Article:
Two shots and one utterly dominating performance define the U.S. Open at Pebble Beach. They occurred in different decades, but they will likely remain part of golfing lore for as long as the game is played.
A bit of hyperbole? Well, consider how thoroughly Tiger Woods crushed the field in 2000 on the famed course. He finished at 12 under par, so far ahead of the second place duo of Ernie Els and Miguel Jimenez – who came in 3 over – it seemed he was playing another course.
In often brutal conditions, the rest of the field suffered. With no one else even approaching par, the 15-stroke gap between him and second place broke the record for margin of victory at one of golf’s majors – a mark that had been held by Old Tom Morris, who blitzed the British Open field by 13 strokes in 1862.
No, that’s not a typo. The old record had held up since 1862, the same year as the Battle of Antietam during the American Civil War.
The 6-under 65 Woods carded on Thursday set the new mark for lowest score at a Pebble Beach U.S. Open. He set another record for extending the biggest lead after two rounds and three rounds.
In fact, Woods broke or tied nine golfing records that year.
To make the accomplishment even more memorable, it was the 100th U.S. Open ever played, and the organizing body – the United States Golf Association – had selected the legendary Pebble Beach Golf Links as the proper venue to celebrate the occasion. The USGA moved Pebble Beach up in the rotation by two years to make it happen.
This year marks the 100th anniversary of the course. Over the century, Pebble Beach has played host to 14 of the game’s most important championships, including six U.S. Opens (1972, 1982, 1992, 2000, 2010 and this year), five U.S. Amateurs (1929, 1947, 1961, 1999 and 2018), a PGA in 1977, the U.S. Women’s Amateurs of 1940 and ’48.
So seven majors and seven top amateur titles will have been decided on the course at the conclusion of this year’s event. That’s a lot of history.
The last U.S. Open winner to be crowned at Pebble Beach was Graeme McDowell, who managed an even-par 284, which was enough to claim the title. “To join the list of names – Tom Kite, Tom Watson, Tiger Woods, Jack Nicklaus – I can’t believe I’m standing here as a major champion,” he said afterward.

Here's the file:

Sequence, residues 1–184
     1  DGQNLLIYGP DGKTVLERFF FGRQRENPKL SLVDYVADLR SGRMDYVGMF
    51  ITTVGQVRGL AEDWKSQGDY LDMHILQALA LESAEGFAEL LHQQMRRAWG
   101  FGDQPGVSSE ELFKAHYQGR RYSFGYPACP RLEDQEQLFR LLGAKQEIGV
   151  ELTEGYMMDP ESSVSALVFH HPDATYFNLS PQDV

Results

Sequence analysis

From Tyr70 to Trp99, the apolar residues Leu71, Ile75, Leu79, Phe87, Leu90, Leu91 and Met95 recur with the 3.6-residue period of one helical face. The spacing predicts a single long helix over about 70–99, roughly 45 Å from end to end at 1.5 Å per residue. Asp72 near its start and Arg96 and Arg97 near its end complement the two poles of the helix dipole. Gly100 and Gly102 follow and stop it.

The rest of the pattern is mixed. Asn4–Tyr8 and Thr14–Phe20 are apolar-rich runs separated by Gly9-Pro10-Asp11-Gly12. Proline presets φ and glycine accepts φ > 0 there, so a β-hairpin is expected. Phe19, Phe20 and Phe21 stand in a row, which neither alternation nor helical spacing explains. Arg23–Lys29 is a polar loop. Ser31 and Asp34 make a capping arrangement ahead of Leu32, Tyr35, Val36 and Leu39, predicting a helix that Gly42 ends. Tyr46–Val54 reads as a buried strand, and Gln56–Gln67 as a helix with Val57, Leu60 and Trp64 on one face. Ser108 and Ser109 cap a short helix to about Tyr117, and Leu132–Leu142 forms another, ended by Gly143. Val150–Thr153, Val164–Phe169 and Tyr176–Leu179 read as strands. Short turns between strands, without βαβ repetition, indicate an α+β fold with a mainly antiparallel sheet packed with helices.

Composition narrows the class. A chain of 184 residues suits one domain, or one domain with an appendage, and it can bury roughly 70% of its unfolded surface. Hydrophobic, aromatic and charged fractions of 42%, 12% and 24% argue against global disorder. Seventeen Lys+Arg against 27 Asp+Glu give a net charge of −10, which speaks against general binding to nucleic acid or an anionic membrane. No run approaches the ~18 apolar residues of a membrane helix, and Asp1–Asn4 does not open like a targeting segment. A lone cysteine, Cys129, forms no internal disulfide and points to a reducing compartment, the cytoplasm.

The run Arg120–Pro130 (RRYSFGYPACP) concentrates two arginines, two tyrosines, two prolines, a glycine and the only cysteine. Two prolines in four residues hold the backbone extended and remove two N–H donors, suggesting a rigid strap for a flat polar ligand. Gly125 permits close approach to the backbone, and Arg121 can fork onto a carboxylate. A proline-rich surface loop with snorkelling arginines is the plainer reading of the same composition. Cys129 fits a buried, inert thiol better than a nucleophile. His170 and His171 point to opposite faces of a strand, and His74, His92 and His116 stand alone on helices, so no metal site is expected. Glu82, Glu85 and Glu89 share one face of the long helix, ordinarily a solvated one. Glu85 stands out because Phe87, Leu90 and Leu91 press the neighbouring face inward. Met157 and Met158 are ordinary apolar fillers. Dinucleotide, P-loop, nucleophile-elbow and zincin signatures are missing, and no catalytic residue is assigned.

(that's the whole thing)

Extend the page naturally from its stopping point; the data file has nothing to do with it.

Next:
Kite’s win came in 1992. Battered by scowling 40-mile-per-hour gusts, he managed to catch and then pass Colin Montgomerie to finish the tournament at 3-under, two strokes ahead.
But the other three names on that list – Woods, Nicklaus and Watson – are the ones lodged in memory. Woods for his dominance, the other two for remarkable shots that came in the same round on the same hole a decade apart.
The setting is a wicked little par-3, the 17th hole.
In 1972, Nicklaus led all four rounds, but began to struggle as winds swept the course (a recurring theme). Bruce Crampton and Arnold Palmer closed in, cutting the gap to three shots. On 17, Nicklaus selected a 1-iron, a little-used club that Lee Trevino famously quipped “even God cannot hit.”
Nicklaus aimed for the front bunker, but put a little more muscle into his swing to compensate for the wind. The drive carried the bunker and appeared to be heading for trouble – the rough on the green’s far side. Instead, the miracle shot thwacked against the flagstick, dropping just a few inches from the hole. It was something he told Golf decades later, “I don’t think I could ever do again.”
A tap-in birdie secured Nicklaus’ fourth U.S. Open title and 11th win in a major.
But it almost never happened. The Monterey Peninsula was not always held in such high esteem by the USGA. The 1961 U.S. Amateur Championship at the golf links did not draw well. And the ’72 event did not sell out.
According to Golf World’s John Strege, USGA executives considered the course to be “at the end of the world.” In other words, it would be a difficult trip for fans. They finally settled on Pebble Beach after Del Monte Properties gave a guarantee of $250,000, ensuring a profit for the event.
But Nicklaus’ shot and win started a love affair with the golf links that only grew when the Open returned a decade later, with The Golden Bear again positioned for a win. That he would not claim another U.S. Open crown had a lot to do with Tom Watson’s shot on 17.
Nicklaus was already in the clubhouse, having completed the tournament at 4-under with a 284. Watson came to the tee on 17 with a tenuous lead and overshot the green, lodging the ball in a tangled bit of rough.
The mistake appeared to give Nicklaus a chance for at least a tie. The details of what followed have been told and retold. Watson’s caddie examined the lie and warned him not to do anything foolish, just put the ball close. “I’m going to sink it,” Watson responded, grabbing a wedge.
His shot bounced toward the pin, hit the stick and dropped in for a birdie. Watson took his first U.S. Open title and Pebble Beach once again made history.
Someone will have another chance at a legendary shot or dominating round in 2019.